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“Bite-Size Bits of Local, National, and Global History”
Naugatuck in New Haven County, Connecticut — The American Northeast (New England)
 

Naugatuck

 
 
Naugatuck Marker image. Click for full size.
By Michael Herrick, October 30, 2009
1. Naugatuck Marker
[ front ]
Inscription.
(Front)

These lands were settled in 1702 by Samuel Hickox, Jr. of Mattatuck, now called Waterbury. Eight years later he began operation of a fulling mill, the first of many and diverse industries to follow. The earliest school was built in 1731 and the first meeting house, or church, was erected in 1781. As Salem Society, the area remained tied to Waterbury until 1844, when its first governing body was elected by the freemen at the initial town meeting on The Green. In 1893 the borough charter was approved by the General Assembly. This charter incorporating the Town and Borough, was ratified by freemenís vote in 1895. Over the years, products manufactured in Naugatuck have found area, national, and world-wide markets. They include rubber footwear, synthetic rubber, plastics, chemical products, iron castings, candy, cutlery, clocks, metal stampings, buttons, cosmetic cases, household hardware, fabricated glass components, and aircraft instruments.

(Back)

Inventions and patents of Charles Goodyear were instrumental in pioneer operations of Uniroyal, Incorporated. Several prominent buildings in the downtown area were designed and executed at the turn of the 20th century under supervision by the famed architectural firm of McKim, Mead and White, including the Congregational
Naugatuck Marker image. Click for full size.
By Michael Herrick, October 30, 2009
2. Naugatuck Marker
[ back ]
Church, Salem School, Hillside School, and the Whittemore Memorial Library, as well as the drinking fountain on The Green. In the 1700ís and up to the mid-1800ís Naugatuck had several stagecoach stops on the New Haven, Waterbury and Hartford line. These stops included the Collins Hotel, which was located on New Haven Road near the Bethany town line; the Beecher Tavern, which stood at North Water and Church Streets; and the Porter Inn, now located on Woodbine Street. The coming of the railroads at mid-century soon ended stagecoach travel here, as it did in other parts of the State and the Nation.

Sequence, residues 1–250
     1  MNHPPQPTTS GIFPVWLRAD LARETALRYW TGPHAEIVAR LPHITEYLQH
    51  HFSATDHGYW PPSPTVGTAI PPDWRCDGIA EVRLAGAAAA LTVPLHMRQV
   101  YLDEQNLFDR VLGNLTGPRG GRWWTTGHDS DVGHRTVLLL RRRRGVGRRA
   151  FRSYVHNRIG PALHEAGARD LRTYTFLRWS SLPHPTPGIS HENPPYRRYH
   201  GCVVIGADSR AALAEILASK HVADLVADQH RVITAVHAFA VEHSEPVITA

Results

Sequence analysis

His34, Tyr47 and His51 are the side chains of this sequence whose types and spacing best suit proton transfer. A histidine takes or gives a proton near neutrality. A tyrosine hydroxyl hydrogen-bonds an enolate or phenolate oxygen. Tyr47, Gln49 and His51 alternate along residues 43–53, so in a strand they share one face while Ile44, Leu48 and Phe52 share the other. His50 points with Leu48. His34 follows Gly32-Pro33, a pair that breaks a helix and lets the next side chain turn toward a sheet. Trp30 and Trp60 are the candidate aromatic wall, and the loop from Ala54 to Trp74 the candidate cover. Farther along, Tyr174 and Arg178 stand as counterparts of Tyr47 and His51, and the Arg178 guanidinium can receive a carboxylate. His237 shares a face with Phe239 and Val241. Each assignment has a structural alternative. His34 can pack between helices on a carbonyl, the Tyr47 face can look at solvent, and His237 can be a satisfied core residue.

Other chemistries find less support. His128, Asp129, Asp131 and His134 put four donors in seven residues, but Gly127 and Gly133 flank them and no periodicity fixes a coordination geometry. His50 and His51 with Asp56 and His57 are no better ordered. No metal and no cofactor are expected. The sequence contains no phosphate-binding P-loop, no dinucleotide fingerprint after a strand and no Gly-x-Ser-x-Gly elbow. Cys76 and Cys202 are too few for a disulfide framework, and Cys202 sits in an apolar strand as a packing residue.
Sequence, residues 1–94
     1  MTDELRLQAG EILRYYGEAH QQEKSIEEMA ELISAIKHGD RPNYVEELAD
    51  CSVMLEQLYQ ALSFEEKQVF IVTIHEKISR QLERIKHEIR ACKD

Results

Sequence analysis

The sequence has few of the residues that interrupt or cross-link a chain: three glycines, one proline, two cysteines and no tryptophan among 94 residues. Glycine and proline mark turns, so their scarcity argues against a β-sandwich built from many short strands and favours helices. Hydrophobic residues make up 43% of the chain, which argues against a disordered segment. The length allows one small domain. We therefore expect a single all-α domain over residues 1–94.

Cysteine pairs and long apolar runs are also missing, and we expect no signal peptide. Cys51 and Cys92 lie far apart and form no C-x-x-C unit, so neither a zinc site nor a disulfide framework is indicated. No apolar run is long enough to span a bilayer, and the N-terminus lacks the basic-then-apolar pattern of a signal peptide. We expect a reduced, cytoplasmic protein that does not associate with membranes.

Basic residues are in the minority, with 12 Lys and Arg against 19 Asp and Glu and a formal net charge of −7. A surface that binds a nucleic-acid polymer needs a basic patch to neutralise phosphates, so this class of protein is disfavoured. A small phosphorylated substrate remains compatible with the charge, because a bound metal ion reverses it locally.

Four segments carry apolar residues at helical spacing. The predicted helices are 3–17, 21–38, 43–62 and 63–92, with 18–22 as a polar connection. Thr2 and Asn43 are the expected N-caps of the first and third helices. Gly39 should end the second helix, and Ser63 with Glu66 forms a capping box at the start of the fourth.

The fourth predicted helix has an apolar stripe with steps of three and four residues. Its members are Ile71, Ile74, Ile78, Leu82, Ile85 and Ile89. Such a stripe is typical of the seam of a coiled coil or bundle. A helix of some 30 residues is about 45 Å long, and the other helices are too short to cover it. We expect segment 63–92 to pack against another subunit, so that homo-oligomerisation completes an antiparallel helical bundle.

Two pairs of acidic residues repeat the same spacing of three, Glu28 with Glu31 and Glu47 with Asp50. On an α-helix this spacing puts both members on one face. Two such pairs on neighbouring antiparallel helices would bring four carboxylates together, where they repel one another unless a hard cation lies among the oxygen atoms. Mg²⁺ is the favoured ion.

Erected 1980 by Borough of Naugatuck, Naugatuck Historical Society, Connecticut Historical Commission.
 
Location. 41° 29.447′ N, 73° 3.327′ W. Marker is in Naugatuck, Connecticut, in New Haven County. Marker is at the intersection of Church Street and Division Street, on the right when traveling south on Church Street. Click for map. Located in the The Town Green. Marker is in this post office area: Naugatuck CT 06770, United States of America.
 
Other nearby markers. At least 8 other markers are within 4 miles of this marker, measured as the crow flies. Naugatuck Veterans Monument (here, next to this marker); Naugatuck Soldiers' Memorial (within shouting distance of this marker);
Naugatuck Marker image. Click for full size.
By Michael Herrick, October 30, 2009
3. Naugatuck Marker
Naugatuck Great War Memorial (about 400 feet away, measured in a direct line); American Legion Post No 17 World War II Memorial (about 600 feet away); United States Rubber Employees World War I Memorial (approx. 0.4 miles away); Rubber Shoe Employees World War I Memorial (approx. 0.4 miles away); Rubber Glove Employees World War I Memorial (approx. 0.4 miles away); Beacon Falls Veterans Monument (approx. 3.1 miles away). Click for a list of all markers in Naugatuck.
 
Categories. Colonial EraIndustry & CommerceSettlements & Settlers
 
 
Credits. This page originally submitted on , by Michael Herrick of Southbury, Connecticut. This page has been viewed 916 times since then and 3 times this year. Photos:   1, 2, 3. submitted on , by Michael Herrick of Southbury, Connecticut. • Bill Pfingsten was the editor who published this page. This page was last revised on June 16, 2016.
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